Tuesday, May 26, 2009

McWhorter on Shakespeare

I thought John McWhorter's argument for "translating" Shakespeare, made HERE and HERE, to be dopey.  Of course, I say as much in the commentary thread, since I'm greatly irked by thinking someone--especially an academic--is not giving audiences enough credit for intelligence and curiosity.  

What do I think is "elitist?"  Assuming people without specialized training or education can't relate to experiences they have not themselves lived, an assumption once made by so-called 'multi-culturalism' advocates of the late 1980s and early 1990s (and of whom I detect a whiff in McWhorter), a period in academe I hope never to relive....

UPDATE:  I jut read Leon Weiseltier's current "Diarist" entry in The New Republic, which you can find HERE.  It is an eloquent, if unintended, rejoinder to McWhorter (and 'multiculturalism').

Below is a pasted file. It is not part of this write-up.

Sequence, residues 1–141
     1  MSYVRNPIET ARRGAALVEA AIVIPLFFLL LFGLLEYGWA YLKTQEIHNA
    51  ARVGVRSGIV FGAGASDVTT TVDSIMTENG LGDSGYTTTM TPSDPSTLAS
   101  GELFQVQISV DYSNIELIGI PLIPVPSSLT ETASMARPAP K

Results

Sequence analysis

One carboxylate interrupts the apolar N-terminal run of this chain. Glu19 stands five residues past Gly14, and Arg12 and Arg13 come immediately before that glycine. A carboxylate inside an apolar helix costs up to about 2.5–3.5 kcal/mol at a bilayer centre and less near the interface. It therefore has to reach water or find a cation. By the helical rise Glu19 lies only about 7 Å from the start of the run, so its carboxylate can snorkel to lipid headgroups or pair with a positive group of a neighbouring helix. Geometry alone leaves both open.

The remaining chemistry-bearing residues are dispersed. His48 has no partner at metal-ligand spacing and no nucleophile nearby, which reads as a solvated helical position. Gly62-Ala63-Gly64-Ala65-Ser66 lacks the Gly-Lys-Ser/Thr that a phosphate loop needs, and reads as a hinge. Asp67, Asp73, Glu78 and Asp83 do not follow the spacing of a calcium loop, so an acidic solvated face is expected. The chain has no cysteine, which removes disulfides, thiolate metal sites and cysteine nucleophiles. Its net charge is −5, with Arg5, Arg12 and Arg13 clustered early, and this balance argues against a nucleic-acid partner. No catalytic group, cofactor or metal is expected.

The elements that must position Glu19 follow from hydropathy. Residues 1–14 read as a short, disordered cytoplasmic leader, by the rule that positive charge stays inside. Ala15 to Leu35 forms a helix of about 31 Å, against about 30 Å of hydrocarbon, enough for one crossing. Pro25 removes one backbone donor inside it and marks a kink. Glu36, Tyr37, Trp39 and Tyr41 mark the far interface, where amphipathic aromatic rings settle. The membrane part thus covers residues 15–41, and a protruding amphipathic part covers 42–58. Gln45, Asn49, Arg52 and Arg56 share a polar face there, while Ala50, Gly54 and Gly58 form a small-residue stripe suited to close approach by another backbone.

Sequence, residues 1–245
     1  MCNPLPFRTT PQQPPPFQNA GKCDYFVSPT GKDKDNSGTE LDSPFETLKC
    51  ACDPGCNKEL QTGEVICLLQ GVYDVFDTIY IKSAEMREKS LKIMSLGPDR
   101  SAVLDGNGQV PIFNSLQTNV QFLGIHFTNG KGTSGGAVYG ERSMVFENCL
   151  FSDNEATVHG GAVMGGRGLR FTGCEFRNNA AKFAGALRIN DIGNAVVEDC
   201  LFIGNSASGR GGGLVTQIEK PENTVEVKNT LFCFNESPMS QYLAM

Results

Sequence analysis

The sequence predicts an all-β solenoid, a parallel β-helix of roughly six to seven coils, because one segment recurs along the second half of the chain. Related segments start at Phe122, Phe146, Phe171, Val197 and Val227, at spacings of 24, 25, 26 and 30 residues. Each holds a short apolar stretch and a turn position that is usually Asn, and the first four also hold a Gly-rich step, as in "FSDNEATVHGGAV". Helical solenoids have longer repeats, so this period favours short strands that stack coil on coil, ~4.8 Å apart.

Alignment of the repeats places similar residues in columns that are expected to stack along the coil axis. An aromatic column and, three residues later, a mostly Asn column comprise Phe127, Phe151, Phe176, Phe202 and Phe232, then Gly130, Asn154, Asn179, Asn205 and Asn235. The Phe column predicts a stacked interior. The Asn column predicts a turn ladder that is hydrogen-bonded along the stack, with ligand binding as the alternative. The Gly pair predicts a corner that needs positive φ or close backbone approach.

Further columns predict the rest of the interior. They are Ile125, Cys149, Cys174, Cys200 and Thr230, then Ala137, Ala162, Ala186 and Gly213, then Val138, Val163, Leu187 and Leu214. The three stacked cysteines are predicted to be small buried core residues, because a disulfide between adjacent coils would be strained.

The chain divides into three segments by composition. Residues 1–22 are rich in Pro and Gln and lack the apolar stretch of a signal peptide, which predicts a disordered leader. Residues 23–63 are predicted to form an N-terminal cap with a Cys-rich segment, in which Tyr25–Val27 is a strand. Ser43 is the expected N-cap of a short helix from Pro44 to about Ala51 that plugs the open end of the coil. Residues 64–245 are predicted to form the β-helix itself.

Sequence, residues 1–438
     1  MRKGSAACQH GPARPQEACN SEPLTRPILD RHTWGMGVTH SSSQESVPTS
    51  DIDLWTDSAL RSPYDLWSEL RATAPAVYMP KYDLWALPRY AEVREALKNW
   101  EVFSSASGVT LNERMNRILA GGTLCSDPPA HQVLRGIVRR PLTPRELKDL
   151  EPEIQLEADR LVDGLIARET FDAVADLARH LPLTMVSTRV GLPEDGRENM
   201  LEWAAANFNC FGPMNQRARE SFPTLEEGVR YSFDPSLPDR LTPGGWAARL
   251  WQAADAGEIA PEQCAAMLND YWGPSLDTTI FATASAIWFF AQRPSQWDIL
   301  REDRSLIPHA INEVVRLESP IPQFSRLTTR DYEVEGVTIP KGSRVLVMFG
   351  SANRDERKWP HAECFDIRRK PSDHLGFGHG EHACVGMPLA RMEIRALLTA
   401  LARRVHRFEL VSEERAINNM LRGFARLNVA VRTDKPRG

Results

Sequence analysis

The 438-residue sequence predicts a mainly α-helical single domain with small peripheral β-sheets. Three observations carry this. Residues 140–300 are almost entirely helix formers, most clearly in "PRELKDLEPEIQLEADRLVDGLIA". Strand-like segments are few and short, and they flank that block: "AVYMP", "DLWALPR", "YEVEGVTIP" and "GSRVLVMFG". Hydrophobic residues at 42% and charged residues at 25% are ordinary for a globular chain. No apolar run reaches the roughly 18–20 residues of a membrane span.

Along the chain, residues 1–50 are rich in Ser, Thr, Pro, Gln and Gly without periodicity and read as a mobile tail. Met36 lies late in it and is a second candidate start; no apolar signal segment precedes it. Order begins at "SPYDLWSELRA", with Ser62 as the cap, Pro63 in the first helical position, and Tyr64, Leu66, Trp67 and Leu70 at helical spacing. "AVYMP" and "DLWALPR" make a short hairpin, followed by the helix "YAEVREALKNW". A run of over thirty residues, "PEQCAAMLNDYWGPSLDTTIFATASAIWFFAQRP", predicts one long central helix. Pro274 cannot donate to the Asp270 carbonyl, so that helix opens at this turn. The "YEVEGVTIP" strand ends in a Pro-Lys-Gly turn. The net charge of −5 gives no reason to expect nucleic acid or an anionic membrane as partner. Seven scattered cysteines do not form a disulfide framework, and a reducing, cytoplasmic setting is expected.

1 comment:

NC said...

I don't think the essay was stupid at all. I think the assessment of audiences enduring a cultural event while attending Shakespeare is largely accurate. Personally I find many productions very tedious. And I'm someone that has studied and loves many of his plays.
My take on the essay is that there's a place for Shakespeare in the original and there's a more popular need for modern poetic translations as the plays are presented in non-English speaking countries. I don't think he means Scotland, PA or a Midsummer Night's Rave.
I'm not sure what you mean exactly when you say Shakespeare is more popular than ever or something to that effect. I don't doubt that you regularly encounter initiated and articulate fans of the Bard. But honestly how large are these audiences, David? From my view the
audiences are getting smaller and I don't know many civilians that get a special twinkle in their at the prospect of going to see Shakespeare.